Hello Andrew,

I am allergic to gluten and use quinoa, coconut, brown rice flour, are these acceptable for the challenge?

September 27, 2012 6:09 pm
Reply to  elena

You can grind all those at home! 🙂 I’d say they count without an issue. They are whole “whole-grain” flours.

Katy K
September 26, 2013 7:32 am
Reply to  Andrew

What about Bob’s Red Mill GF all-purpose flour? It has been my staple…

September 25, 2012 10:49 am

What about grains that aren’t whole, but aren’t in flour form? For example, what about pearl barley? Or white rice? It seems like refined flour is technically okay (unbleached, but sifted to only the endosperm), but I’m not sure if the lack of bran and germ is okay when you aren’t in flour form. Does this make sense?

Lacey Wilcox
Lacey Wilcox
September 23, 2012 3:05 am

Any suggestions on your favorite brand of flour?

September 28, 2012 8:01 pm
Reply to  Andrew

I’ve found that most areas where I’ve cooked and baked usually have a regional or local farmer’s coop that produces good grade whole wheat.

Lp johnson
September 22, 2012 4:39 am

I have ground & sifted my own wheat. The resulting bread was inedible. The birds wouldn’t even eat it!!!

September 22, 2012 7:28 am
Reply to  Andrew

My advice on baking with home-ground flour (of any kind) is to look up what a cup should weigh, then weigh the flour, not using cup measurements. The flour tends to be denser and can really pack in a measuring cup, leading to dense, heavy breads. At least that is what I have noticed.

September 25, 2012 9:49 am
Reply to  Sarah

I agree, Sarah. We’ve been grinding our own flour for several years now and ALWAYS use a digital kitchen scale to weigh the flour rather than using a measuring cup. A good reference is the Laurel’s Kitchen Bread Book – it even gives trouble shooting hints for those loaves that just don’t ‘work out’.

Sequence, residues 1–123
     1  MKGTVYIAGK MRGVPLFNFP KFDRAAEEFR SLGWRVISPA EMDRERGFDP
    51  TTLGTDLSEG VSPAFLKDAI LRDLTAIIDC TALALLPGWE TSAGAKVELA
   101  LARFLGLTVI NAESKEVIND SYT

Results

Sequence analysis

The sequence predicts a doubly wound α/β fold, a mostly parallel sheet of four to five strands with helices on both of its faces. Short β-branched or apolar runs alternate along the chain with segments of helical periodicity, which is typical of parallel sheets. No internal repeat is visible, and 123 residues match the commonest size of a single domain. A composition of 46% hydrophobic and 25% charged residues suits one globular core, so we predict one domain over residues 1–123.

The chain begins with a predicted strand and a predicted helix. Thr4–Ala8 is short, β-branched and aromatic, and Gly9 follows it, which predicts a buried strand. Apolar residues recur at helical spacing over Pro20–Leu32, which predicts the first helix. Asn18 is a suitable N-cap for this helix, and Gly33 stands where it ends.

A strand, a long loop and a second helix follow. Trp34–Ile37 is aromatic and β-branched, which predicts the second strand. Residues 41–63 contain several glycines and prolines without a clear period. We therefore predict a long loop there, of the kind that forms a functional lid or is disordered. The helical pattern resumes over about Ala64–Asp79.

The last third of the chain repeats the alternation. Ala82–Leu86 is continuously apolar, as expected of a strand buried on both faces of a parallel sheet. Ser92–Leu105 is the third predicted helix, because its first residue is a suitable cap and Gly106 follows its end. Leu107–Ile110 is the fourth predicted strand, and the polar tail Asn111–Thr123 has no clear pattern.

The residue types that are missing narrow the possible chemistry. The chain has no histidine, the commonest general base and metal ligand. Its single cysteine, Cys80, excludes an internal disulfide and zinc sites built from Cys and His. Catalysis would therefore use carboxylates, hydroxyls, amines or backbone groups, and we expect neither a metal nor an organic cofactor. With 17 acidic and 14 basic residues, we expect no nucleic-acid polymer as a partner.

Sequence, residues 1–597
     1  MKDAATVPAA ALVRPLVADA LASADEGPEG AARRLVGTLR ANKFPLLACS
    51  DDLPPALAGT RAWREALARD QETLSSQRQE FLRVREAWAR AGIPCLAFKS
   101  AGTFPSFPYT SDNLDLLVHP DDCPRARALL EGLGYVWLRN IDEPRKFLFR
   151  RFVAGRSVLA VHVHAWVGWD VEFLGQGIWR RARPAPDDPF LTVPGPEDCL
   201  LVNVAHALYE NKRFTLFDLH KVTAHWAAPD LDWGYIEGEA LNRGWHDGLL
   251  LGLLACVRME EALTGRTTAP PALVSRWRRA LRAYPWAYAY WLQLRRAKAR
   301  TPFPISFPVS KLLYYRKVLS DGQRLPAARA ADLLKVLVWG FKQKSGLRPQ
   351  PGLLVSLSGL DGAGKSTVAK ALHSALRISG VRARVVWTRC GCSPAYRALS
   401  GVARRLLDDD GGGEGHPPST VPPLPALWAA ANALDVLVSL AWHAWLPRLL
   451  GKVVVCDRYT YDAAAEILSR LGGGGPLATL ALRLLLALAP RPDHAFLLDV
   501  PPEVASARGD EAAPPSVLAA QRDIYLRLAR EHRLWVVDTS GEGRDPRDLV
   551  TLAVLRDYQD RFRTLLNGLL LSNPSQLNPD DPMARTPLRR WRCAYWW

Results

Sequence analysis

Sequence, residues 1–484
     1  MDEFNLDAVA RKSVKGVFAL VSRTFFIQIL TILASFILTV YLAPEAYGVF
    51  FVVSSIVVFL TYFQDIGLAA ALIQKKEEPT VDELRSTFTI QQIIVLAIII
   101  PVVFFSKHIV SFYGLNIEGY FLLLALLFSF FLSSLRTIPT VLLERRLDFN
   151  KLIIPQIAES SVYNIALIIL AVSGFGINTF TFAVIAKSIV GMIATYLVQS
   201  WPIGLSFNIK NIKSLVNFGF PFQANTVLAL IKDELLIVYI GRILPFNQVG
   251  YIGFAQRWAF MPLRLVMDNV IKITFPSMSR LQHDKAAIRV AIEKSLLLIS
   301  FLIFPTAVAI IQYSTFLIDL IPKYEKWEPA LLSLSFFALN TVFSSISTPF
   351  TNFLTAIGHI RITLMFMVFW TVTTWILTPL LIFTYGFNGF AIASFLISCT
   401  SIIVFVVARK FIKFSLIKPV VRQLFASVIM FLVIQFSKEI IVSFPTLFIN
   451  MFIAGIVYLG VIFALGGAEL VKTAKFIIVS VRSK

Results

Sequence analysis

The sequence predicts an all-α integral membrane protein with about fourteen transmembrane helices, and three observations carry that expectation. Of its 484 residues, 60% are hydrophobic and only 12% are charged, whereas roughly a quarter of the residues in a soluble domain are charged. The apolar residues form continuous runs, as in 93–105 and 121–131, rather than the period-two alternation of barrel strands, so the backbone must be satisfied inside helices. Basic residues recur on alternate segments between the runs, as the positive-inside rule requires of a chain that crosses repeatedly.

Andrea Omgard
Andrea Omgard
October 22, 2012 1:15 am
Reply to  Lp johnson

Have you ever tried baking bread with self made sourdough?
Whole Wheat Flour, water, salt, one teaspoon honey – the most natural way to get delicious bread. Since I tried first, I stopped buying bread. But be careful! It`s infecting! Everybody, who tasted once, started baking sourdough bread afterwards – my neighbour, her sister, my daughter, all the students`flat-sharing communities in her house, my former boy-friend…
It`s true sourdough bread takes some time, but not your time.
Sourdough is a bit of a loner, concerned with his own interests.
So just leave him alone. Things will turn out perfect.
Everybody, who is interested:
I could send you a recipe, that works 100%
(just write here, or send me a note to facebook)

September 21, 2013 6:41 am
Reply to  Andrea Omgard

Hi Andrea! I’m a big fan of sourdough, and have been nurturing a culture for just over a year now. I’d love your recipe for bread that works 100%. Thanks!

July 18, 2016 7:12 am
Reply to  Andrea Omgard

I’m doubtful you’ll get this message since it is years after your original post. But if by some chance you do receive it, I’d love to get this bread recipe if you’re still willing to share it.

Wendy Brown
Wendy Brown
September 21, 2018 10:57 am
Reply to  Andrea Omgard

I would love your recipe please!!

November 7, 2020 2:37 am
Reply to  Andrea Omgard

I would love your sourdough recipe

September 8, 2016 1:17 pm
Reply to  Lp johnson

When I ate grains; I would have to regrind the grains until they were very fine and make & use a sourdough starter. The bread was still dense but it was yummy.

September 27, 2016 8:01 pm
Reply to  Lp johnson

i’m so sorry, lp j, but i laughed me head off @ your comment! x^D

September 21, 2012 2:15 pm

thank you for this printed and in a folder waiting for more info :)))))))

Kait Nolan
September 21, 2012 1:42 pm

Can we talk about gluten free flours? Like brown rice flour, white rice flour, corn starch, tapioca starch, etc. that those of us who don’t eat wheat would be using?

September 8, 2016 1:15 pm
Reply to  Kait Nolan

Interesting, as all of the gluten free products are far more highly processed than most wheat & grains. Curious to see the response to this.

September 27, 2016 7:59 pm
Reply to  Kate

ditto, kate! i just began learning about that, myself, much to my dismay. what is a person to do?!

September 21, 2012 1:20 pm

We love White Whole Wheat Flour. It works as well as all-purpose. Apparently, Trader Joes has the best price.

September 21, 2012 1:23 pm
Reply to  Sara

Out here in Wa state, TJ’s sells it for $3.49 a 5 lb bag. Not bad pricewise.

September 21, 2012 1:19 pm

I was finally won over to whole wheat when I found the white wheat. It is so much better tasting and delicate. I grind mine from the berries 🙂 Excellent article!